A New Jersey-based trader was indicted last Thursday in Chicago on charges of manipulating commodities markets. It is alleged that Michael Coscia, the owner of a trading firm called Panther Energy Trading, made profits of around $1.6 million by defrauding participants on CME Group and ICE markets. Well, when you consider the amounts of money generated in the Sumitomo scam, that doesn’t really sound much, I suppose.
But this case is interesting, not because of the size of the fraud, but because of the nature of it. You see, in this case, the accusation is of using algorithms to generate spoof orders to attempt to influence other market users to behave in a particular way. ‘Spoofing’, for those not fully familiar with the slightly arcane world of high-frequency trading, involves entering orders into an electronic market with the intention that they should not be executed; they are entered and cancelled within milliseconds, their sole purpose being to convince other market users that there is volume waiting to be bought or sold. When those other market players react, the spoofer takes advantage of the spike or dip in price that his illusion of volume has created and trades at a price which would otherwise probably not have been achievable. (I should point out that Mr Coscia has previously been fined by the CFTC and the FCA for activities relating to the use of high-speed algorithms in financial markets. This time, though, it is a criminal indictment, which carries heavy penalties, including, potentially, substantial gaol terms.)
It’s difficult to know where to begin with this. If a trader enters an order, then surely he must have the right also to withdraw it before it is executed? Well, of course, but that’s not really what we are faced with here. These orders are entered and withdrawn in milliseconds, by an algorithm; in other words, the programme is set up with no purpose other than to create an illusion of activity which is entirely fictional, in order to influence the behaviour of other traders. Now, as a purely philosophical issue, attempting to influence the behaviour of others is part of trading, just as it is part of playing some card games of chance. It is the pitting of one person’s wits against another’s; nobody likes to be caught out by a spoof, but actually the practice is as old as the hills. At least, I guess that would be the justification that could be advanced; it doesn’t really hold up though, on examination.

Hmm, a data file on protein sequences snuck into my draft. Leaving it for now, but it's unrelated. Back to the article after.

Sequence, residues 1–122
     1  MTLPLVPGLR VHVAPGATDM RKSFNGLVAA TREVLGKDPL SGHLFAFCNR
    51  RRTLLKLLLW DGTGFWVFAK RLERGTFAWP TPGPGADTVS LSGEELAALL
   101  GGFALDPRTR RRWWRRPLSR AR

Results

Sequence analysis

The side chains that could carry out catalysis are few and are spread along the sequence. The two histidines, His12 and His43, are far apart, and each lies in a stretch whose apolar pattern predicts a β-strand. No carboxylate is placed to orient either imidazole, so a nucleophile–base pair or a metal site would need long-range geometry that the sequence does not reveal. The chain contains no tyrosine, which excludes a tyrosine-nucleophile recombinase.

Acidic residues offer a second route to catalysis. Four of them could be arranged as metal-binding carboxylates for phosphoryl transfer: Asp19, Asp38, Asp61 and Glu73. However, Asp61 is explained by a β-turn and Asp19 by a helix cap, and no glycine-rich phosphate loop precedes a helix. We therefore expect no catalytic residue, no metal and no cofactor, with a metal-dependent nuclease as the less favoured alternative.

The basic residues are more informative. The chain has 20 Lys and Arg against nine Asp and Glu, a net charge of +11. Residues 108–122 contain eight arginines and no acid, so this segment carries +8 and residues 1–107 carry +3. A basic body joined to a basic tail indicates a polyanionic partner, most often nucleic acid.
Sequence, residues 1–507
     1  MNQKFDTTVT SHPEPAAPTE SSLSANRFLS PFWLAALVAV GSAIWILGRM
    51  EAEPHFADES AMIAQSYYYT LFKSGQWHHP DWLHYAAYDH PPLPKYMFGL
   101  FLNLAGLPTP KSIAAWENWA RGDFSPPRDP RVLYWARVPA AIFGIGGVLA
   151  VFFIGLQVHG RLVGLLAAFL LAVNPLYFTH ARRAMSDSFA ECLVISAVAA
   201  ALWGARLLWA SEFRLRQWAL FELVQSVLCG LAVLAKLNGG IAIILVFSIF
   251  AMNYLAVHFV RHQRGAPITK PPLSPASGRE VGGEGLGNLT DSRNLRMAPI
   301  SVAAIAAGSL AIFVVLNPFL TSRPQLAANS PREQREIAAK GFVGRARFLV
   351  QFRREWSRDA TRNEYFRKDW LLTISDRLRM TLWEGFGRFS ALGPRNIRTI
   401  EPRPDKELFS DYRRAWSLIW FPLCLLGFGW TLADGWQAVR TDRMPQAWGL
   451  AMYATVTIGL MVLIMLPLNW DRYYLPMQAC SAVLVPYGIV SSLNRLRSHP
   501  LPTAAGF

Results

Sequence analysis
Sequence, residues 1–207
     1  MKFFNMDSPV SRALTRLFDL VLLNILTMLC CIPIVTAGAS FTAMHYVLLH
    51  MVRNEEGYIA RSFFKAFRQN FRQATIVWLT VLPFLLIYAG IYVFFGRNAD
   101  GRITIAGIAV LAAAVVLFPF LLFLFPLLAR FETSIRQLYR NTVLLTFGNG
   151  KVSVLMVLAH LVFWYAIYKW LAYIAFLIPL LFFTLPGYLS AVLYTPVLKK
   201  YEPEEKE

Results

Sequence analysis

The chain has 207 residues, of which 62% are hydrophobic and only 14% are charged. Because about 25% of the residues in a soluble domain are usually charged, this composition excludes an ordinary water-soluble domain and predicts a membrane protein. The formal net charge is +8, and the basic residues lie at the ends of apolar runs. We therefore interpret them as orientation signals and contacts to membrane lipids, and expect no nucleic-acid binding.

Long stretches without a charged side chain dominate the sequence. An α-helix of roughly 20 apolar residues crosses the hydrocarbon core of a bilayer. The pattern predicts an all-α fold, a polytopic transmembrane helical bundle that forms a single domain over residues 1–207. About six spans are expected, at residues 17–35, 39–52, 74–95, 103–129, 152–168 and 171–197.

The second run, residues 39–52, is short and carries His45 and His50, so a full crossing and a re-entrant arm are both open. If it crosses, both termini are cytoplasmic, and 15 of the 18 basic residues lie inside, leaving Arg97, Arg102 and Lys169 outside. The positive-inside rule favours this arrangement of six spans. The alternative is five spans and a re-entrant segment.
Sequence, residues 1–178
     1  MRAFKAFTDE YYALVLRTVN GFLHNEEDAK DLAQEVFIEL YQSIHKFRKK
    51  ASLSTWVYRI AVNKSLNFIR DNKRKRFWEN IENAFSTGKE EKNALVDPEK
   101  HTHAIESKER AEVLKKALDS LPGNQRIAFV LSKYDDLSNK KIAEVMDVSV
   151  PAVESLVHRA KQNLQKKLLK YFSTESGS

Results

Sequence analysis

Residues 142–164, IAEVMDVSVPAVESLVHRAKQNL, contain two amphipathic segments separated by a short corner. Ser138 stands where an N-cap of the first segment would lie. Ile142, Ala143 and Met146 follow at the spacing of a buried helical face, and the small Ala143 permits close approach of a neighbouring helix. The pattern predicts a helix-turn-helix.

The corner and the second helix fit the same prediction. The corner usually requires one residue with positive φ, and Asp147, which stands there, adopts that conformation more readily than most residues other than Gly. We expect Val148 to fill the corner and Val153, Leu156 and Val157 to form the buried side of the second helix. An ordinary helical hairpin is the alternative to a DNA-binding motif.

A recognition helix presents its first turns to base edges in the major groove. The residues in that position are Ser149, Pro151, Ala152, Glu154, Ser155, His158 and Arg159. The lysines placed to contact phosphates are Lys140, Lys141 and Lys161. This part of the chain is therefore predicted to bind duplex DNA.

First, financial markets are not a philosophical arena - they are a vital part of the financial system, and need to be seen to be clean and transparent. Secondly, a face-to-face negotiation, or a card game, is a particular environment, not frankly replicated by an electronic exchange. Algorithmic trading is clever - producing the programmes that the quants do requires a lot of skill and knowledge. But it’s also seriously threatening to the well-being of financial markets. I’ve directed readers before to Michael Lewis’ excellent book “Flash Boys” and I urge any who haven’t yet read it to do so. It gives a disturbing sight into the world of HFT. Lewis concentrates on equity markets in his book, but the allegations against Mr Coscia involve commodity markets, including, to highlight the significance of this for the majority of readers here, copper. Now, the accusations concern CME, but it would be a brave man to say that similar activities were either not happening or not possible on the LME’s Select system.
I don’t know Mr Coscia and I bear him no ill-will; but what he has allegedly been doing is a risk to all of us. The flash crash of 2010 was a sign of how the rise of high-frequency algorithmic trading can impact even something the size of the US equity market. This criminal prosecution may mark the beginning of the regulators looking more closely at what is going on; maybe it will even push them towards the idea of banning this type of trading altogether. It is not good enough simply to hail high-frequency and algorithmic trading as just the natural progression of markets; these are potentially pernicious influences, and it would be advisable to control them before they create major problems, rather than wait until it’s too late. Otherwise, having sown the wind, we are going to reap the whirlwind. Just because it’s clever, that doesn’t make it desirable.
I must thank @goldmatrix1; it was their comment on Twitter which drew my attention to this case.